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What’s on the Great British menu?

29th June 2017 Print

Us Brits are big on food. We’ve got big opinions on our favourite meals, how they should be eaten and with whom. What’s our attitude to dinner in particular? Oldrids & Downtown, providers of dinner sets, finds out…

Our favourites

Food is a very personal thing, so determining the nation’s favourite dishes is difficult. Here’s an overall picture of the meals topping the British menu.

The Spruce states that our top ten favourite British foods are:

- Bacon sandwiches

- Roast dinners

- A cup of tea

- Fish and chips

- Yorkshire pudding

- Full English breakfast

- Cornish pasties

- Strawberries and cream

- Teatime treat, crumpets

- Beer

A survey commissioned by Welsh Lamb and reported by The Express also discovered a British classic was our ultimate favourite, with roast dinners and shepherd’s pie taking the top spot. Italian food came a close second, with us Brits favouring spaghetti bolognese and pasta. Indian, Chinese and Thai cuisine followed. 

Dining as a family

Research into the eating habits of British families has found that fewer than ever are now eating together. When they do, they often eat in front of the TV. 20% of British families only sit down to dinner once or twice a week, and one in five have family meals in front of the television.

60% of parents answering the survey regularly served up ready meals and were thankful of the convenience they offered.  

Importance of family dinners

According to, the following can all be considered benefits of dining as a family:

Children are more likely to eat their vegetables. Research has found that children who eat with their families are more likely to eat fruit and vegetables.

Families can become healthier by eating healthier. By eating together, a family has a greater chance of eating fruit and veg – making them healthier overall.

It provides a time to chat. Eating dinner together as a family is time well-spent. It gives everyone a chance to catch up on their day and talk and listen to each other’s news.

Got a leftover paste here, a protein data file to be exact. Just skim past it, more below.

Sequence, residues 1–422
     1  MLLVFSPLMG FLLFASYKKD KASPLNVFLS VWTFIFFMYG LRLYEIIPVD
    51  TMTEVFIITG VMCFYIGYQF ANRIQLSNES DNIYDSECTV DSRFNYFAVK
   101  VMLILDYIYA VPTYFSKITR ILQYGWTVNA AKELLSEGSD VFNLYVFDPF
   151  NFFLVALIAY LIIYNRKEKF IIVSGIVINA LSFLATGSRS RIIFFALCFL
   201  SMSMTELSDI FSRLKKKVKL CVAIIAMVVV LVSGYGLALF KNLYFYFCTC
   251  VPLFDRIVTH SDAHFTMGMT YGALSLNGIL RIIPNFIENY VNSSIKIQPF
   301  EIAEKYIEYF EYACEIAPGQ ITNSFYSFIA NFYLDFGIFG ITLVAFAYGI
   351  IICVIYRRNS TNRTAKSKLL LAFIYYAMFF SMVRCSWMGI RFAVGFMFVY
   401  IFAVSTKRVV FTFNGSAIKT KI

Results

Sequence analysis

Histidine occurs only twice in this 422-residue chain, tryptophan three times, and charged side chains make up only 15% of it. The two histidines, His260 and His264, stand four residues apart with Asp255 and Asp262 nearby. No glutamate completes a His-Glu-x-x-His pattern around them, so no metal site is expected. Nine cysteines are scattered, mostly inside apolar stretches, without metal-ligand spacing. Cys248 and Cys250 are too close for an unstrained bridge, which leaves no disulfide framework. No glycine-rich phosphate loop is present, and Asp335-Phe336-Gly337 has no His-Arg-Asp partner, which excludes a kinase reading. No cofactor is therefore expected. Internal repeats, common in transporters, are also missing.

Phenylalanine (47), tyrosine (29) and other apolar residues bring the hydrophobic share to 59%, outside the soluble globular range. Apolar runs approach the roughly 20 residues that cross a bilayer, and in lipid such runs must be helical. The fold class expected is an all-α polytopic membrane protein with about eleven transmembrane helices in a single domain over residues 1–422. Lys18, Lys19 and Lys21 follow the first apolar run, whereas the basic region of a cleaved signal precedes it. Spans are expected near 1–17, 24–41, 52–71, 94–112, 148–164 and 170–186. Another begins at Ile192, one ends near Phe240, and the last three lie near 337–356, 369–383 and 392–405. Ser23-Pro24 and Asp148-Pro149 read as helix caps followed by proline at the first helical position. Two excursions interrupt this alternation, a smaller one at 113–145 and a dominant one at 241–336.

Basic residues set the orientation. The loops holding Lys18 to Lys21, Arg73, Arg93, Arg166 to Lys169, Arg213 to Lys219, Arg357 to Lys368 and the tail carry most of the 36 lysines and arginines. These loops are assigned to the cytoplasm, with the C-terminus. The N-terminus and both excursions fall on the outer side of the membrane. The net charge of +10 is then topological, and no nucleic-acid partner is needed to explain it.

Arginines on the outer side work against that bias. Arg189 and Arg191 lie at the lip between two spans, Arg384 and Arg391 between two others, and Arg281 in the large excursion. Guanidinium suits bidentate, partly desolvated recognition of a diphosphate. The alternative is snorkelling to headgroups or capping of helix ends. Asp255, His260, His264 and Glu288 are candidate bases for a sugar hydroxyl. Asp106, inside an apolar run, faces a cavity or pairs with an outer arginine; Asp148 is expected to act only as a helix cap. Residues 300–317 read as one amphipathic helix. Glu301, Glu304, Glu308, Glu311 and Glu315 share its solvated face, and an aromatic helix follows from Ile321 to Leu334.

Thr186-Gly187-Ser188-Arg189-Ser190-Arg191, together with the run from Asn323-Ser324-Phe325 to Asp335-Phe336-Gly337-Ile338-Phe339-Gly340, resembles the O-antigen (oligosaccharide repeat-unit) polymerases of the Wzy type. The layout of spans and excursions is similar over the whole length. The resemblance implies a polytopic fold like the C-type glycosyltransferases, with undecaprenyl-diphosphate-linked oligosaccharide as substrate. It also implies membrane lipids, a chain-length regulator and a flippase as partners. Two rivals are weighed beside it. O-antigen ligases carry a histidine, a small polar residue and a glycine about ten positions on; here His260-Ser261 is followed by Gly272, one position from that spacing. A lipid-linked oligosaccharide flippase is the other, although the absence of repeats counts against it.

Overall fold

Money can be saved against eating out. As well as being healthier for you, cooking nourishing family meals is much cheaper than eating out. With a little planning – and a little batch cooking – you can make sure you grab a bargain and prepare nutritious meals.

The death of the dinner party?

Are dinner parties dying a death? According to the Telegraph, the formal-style dinner parties of the 80s and 90s have disappeared.  

In the past, dinner parties meant everyone eating the same meal — largely traditional classics like prawn cocktail and fondue. Now menus will be more flexible to incorporate dietary requirements, with diet-conscious salads, meat and grains and locally-sourced ingredients.

Tips for hosting a dinner party

Despite dining becoming more informal, Brits still like to get together with their friends and family. Here are a few tips to hosting a 2017 dinner party:

- Go for food you can prepare earlier in the day so you can spend time with guests. Stick something in the slow cooker like a stew or curry that can cook while you enjoy yourself.

- Put everything in serving dishes and let guests help themselves. Think big salads, rice dishes, assorted meats and sides.

- Don’t be afraid of short cuts. If it’s easier for you to buy the bread and use shop-bought pastry, just do it.

- Make a playlist to set the mood. Cater to your guests and make it varied and fun – you can even include some songs for a sing along/dance off, depending on the liveliness of your guests.

- Relax. If you’re at ease, your guests will feel at ease, and everyone will have a better time for it.